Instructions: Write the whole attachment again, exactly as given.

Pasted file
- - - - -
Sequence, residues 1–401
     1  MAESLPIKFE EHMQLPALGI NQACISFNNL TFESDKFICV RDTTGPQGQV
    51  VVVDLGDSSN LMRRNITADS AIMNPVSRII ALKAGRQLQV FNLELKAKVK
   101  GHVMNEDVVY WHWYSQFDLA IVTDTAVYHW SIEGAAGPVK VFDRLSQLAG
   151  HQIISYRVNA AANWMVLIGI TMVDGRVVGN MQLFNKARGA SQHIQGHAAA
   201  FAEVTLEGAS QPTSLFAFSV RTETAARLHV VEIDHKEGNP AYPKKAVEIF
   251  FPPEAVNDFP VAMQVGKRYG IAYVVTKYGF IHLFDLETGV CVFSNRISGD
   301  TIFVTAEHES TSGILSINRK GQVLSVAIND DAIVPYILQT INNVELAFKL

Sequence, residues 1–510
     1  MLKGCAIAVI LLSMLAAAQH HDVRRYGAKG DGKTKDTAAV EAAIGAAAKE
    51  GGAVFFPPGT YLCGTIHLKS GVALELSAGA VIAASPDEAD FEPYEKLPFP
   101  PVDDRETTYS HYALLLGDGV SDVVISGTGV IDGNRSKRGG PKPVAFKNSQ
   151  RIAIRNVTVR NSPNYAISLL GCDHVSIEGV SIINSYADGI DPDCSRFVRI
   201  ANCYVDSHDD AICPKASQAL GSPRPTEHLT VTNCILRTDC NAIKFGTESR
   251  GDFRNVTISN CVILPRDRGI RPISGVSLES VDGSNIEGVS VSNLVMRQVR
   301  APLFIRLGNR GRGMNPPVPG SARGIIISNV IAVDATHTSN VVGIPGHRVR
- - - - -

Sequence, residues 1–401
     1  MAESLPIKFE EHMQLPALGI NQACISFNNL TFESDKFICV RDTTGPQGQV
    51  VVVDLGDSSN LMRRNITADS AIMNPVSRII ALKAGRQLQV FNLELKAKVK
   101  GHVMNEDVVY WHWYSQFDLA IVTDTAVYHW SIEGAAGPVK VFDRLSQLAG
   151  HQIISYRVNA AANWMVLIGI TMVDGRVVGN MQLFNKARGA SQHIQGHAAA
   201  FAEVTLEGAS QPTSLFAFSV RTETAARLHV VEIDHKEGNP AYPKKAVEIF
   251  FPPEAVNDFP VAMQVGKRYG IAYVVTKYGF IHLFDLETGV CVFSNRISGD
   301  TIFVTAEHES TSGILSINRK GQVLSVAIND DAIVPYILQT INNVELAFKL

Sequence, residues 1–510
     1  MLKGCAIAVI LLSMLAAAQH HDVRRYGAKG DGKTKDTAAV EAAIGAAAKE
    51  GGAVFFPPGT YLCGTIHLKS GVALELSAGA VIAASPDEAD FEPYEKLPFP
   101  PVDDRETTYS HYALLLGDGV SDVVISGTGV IDGNRSKRGG PKPVAFKNSQ
   151  RIAIRNVTVR NSPNYAISLL GCDHVSIEGV SIINSYADGI DPDCSRFVRI
   201  ANCYVDSHDD AICPKASQAL GSPRPTEHLT VTNCILRTDC NAIKFGTESR
   251  GDFRNVTISN CVILPRDRGI RPISGVSLES VDGSNIEGVS VSNLVMRQVR
   301  APLFIRLGNR GRGMNPPVPG SARGIIISNV IAVDATHTSN VVGIPGHRVR